The Industrial Court of Queensland finds that Workers are not entitled to a "second bite of the cherry".

On 24 November 2016, in Connor v Queensland Rail Ltd[1], President Martin of the Industrial Court of Queensland held that a worker cannot seek damages for injuries rejected as part of the statutory claim for workers compensation.

Section 237 of the Workers Compensation and Rehabilitation Act 2003 (the WCRA) provides:

237 General limitation on persons entitled to seek damages

(1) The following are the only persons entitled to seek damages for an injury sustained by a worker—

(a) the worker, if the worker—

  1. has received a notice of assessment from the insurer for the injury; or
  2. has not received a notice of assessment for the injury, but—

(A) has received a notice of assessment for any injury resulting from the same event (the “assessed injury”);

and

(B) for the assessed injury, the worker has a WRI of 20% or more or, under section 239,109 the worker has elected to seek damages; or

(b) the worker, if the worker’s application for compensation was allowed and the injury has not been assessed for permanent impairment; or

(c) the worker, if—

  1. the worker has lodged an application, for compensation for the injury, that is or has been the subject of a review or appeal under chapter 13; and
  2. the application has not been decided in or following the review or appeal; or

(d) the worker, if the worker has not lodged an application for compensation for the injury; or

(e) a dependant of the deceased worker, if the injury results in the worker’s death.

(2) The entitlement of a worker, or a dependant of a deceased worker, to seek damages is subject to the provisions of this chapter.

(3) If a worker—

(a) is required under section 239 to make an election to seek damages for an injury; and

(b) has accepted an offer of payment of lump sum compensation under chapter 3, part 10, division 3110 for the injury;

the worker is not entitled under subsection (1)(a)(ii) to seek damages.

(4) However, subsection (3) does not prevent a worker from seeking damages under section 266.

(5) To remove any doubt, it is declared that subsection (1) abolishes any entitlement of a person not mentioned in the subsection to seek damages for an injury sustained by a worker.

What was section 245 of the WCRA - now section 239A - previously provided:

245 Claimant with more than 1 injury from an event

(1) The claimant need not have, and the insurer can not decide to have, the injury assessed under chapter 3, part 10 to decide if the injury has resulted in a degree of permanent impairment.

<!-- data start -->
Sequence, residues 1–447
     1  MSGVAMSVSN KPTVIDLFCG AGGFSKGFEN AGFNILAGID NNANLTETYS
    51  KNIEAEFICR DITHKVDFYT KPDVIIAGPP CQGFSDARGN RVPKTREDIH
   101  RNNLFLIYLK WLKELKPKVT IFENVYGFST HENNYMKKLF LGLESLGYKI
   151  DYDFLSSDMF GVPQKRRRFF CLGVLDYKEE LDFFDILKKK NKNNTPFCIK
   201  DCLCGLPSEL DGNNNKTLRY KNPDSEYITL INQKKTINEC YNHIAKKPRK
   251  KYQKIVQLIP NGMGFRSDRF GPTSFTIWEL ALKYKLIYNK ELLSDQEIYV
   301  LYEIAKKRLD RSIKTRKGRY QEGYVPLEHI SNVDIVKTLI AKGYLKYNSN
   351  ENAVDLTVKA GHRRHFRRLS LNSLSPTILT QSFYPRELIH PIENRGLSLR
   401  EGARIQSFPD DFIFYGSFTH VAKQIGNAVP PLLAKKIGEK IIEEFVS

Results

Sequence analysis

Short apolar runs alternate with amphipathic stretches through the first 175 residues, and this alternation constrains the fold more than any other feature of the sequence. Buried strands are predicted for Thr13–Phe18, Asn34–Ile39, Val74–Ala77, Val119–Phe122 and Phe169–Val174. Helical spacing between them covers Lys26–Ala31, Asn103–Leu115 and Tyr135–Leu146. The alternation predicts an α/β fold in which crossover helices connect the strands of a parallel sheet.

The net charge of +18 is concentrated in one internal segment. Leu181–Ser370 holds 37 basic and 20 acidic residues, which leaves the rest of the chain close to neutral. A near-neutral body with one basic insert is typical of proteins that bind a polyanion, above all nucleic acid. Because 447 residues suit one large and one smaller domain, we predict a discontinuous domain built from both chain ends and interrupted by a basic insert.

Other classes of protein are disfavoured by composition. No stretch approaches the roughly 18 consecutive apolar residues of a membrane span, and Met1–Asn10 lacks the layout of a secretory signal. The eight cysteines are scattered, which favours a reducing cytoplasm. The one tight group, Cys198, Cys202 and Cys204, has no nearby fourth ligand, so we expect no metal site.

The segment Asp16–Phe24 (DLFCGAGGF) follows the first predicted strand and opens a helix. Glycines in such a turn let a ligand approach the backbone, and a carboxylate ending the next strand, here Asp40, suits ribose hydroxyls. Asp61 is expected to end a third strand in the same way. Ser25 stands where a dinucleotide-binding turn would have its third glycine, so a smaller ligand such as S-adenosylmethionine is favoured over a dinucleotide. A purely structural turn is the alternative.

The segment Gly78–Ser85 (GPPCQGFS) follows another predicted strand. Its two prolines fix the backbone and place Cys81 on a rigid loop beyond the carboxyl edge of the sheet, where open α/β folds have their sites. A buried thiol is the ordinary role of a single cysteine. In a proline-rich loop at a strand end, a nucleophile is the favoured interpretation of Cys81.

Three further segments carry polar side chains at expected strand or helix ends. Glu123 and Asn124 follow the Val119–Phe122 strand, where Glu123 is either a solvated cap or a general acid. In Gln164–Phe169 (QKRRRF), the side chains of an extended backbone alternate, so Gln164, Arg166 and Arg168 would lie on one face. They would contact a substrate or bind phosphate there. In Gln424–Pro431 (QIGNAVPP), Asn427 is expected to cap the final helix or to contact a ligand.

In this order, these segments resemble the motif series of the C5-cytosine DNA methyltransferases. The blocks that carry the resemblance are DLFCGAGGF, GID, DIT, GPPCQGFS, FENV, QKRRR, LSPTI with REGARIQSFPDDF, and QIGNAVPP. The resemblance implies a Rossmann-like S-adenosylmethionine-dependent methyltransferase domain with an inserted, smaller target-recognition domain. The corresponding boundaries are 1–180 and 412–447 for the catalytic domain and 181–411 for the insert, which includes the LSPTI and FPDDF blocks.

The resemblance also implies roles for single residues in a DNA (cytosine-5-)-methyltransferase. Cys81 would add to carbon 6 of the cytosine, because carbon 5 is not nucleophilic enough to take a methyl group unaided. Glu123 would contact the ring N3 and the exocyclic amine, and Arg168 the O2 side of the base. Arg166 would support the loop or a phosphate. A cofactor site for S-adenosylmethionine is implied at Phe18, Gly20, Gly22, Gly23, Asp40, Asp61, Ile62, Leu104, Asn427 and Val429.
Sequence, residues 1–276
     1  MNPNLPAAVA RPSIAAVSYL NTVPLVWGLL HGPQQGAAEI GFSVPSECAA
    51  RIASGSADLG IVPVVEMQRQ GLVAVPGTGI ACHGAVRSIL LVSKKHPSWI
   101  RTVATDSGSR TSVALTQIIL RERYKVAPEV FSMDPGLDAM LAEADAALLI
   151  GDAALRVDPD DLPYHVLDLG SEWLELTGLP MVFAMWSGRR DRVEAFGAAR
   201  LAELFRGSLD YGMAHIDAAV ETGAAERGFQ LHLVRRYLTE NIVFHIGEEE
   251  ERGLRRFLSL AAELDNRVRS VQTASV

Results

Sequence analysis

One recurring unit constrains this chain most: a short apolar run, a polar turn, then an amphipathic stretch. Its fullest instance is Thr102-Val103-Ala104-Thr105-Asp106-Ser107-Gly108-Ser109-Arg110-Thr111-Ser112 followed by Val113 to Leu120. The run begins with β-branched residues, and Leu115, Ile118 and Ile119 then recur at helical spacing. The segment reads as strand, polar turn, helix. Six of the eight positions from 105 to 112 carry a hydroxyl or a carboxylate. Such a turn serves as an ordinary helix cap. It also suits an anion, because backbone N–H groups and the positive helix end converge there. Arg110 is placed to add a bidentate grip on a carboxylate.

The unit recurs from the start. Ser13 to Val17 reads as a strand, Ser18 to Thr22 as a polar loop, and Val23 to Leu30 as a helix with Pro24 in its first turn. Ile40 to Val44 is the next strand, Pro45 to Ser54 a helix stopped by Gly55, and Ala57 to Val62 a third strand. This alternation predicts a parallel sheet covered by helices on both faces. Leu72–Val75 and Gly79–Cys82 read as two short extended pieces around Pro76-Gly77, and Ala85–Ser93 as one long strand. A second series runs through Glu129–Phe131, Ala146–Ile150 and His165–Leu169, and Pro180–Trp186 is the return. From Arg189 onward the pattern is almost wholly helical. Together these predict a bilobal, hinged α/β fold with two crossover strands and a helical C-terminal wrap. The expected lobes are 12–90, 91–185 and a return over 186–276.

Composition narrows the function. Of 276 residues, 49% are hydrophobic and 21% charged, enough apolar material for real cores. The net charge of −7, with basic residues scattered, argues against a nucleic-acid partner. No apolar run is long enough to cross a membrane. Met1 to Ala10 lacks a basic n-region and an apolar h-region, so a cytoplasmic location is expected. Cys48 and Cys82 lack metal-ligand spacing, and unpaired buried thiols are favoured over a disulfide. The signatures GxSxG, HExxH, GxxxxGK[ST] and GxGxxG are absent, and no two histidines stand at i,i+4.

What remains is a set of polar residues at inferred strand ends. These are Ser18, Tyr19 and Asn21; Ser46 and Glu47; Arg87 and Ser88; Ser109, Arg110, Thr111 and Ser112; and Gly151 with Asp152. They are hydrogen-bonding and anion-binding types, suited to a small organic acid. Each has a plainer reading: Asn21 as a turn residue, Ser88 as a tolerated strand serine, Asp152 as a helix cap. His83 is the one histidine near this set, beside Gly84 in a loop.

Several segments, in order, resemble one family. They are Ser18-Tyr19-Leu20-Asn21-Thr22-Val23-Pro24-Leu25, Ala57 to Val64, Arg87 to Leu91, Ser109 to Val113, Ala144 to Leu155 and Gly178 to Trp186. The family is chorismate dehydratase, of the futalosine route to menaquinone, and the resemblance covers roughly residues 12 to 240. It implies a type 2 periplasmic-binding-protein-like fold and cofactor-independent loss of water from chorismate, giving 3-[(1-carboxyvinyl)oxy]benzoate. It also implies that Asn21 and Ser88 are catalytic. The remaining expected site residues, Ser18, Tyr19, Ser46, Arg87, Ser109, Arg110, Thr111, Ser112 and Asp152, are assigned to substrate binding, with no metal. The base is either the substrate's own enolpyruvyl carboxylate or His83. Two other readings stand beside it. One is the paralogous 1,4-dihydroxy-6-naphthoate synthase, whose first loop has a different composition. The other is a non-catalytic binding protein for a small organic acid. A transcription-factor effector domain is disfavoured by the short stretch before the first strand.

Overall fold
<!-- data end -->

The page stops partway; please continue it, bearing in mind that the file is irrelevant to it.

(2) The insurer can not decide that the claimant’s notice of claim does not comply with section 275 only because the claimant has not received a notice of assessment for the injury.

(3) However, the claimant may seek damages for the injury only if the insurer decides that the claimant—

  1. was a worker when the injury was sustained; and

(b) has sustained an injury.

(4) The insurer must make a decision for the purpose of subsection (3) within 3 months after—

  1. the claimant gives, or is taken to have given, a complying notice of claim; or
  2. the claimant gives a notice of claim for which the insurer waives compliance with the requirements of section 275, with or without conditions; or

(c) a court makes a declaration under section 297.

(5) If the insurer is WorkCover, WorkCover must notify the claimant and the claimant’s employer of a decision it makes for the purpose of subsection (3).

(6) If the insurer decides that the claimant—

  1. was not a worker when the injury was sustained; or

(b) has not sustained an injury;

the notification must include written reasons for the decision.

(7) If the insurer does not make a decision for the purpose of subsection (3) within the time mentioned in subsection (4), the claimant may have the failure to make a decision reviewed under chapter 13.

(8) A person aggrieved by a decision made by the insurer for the purpose of subsection (3) may have the decision reviewed under chapter 13.

In order that section 237 (a) (ii) and section 245 of the WCRA be read together in a way which is "rational and consistent with both the context of those provisions and the objects of the WCRA be considered necessary to consider whether section 245 of the WCRA, Martin P found that section 245 of the WCRA should be read as if it "contained some words which confined the operation of section 245 (3)."

Martin P found that section 245 of the WCRA contained a drafting error. Martin P relied on authority that allowed for "obvious drafting errors" to be corrected (for example Inco Europe Pty Ltd v First Choice Distribution[2]. Martin P held the section did not make sense. Martin P held section 245 was inconsistent with the objects of the WCRA because it required an insurer to engage in a series of steps which had already been undertaken. The proper construction of the Act would be to read section 245 (3) of the WCRA as if, after the work "However", it contained words to the effect "where the insurer has not already decided the matters in this sub section". Martin P held that this reading would allow for the situation where an application has been made but not decided - but it does not allow an unsuccessful applicant to have a "second bite of the cherry".

The decision is attached.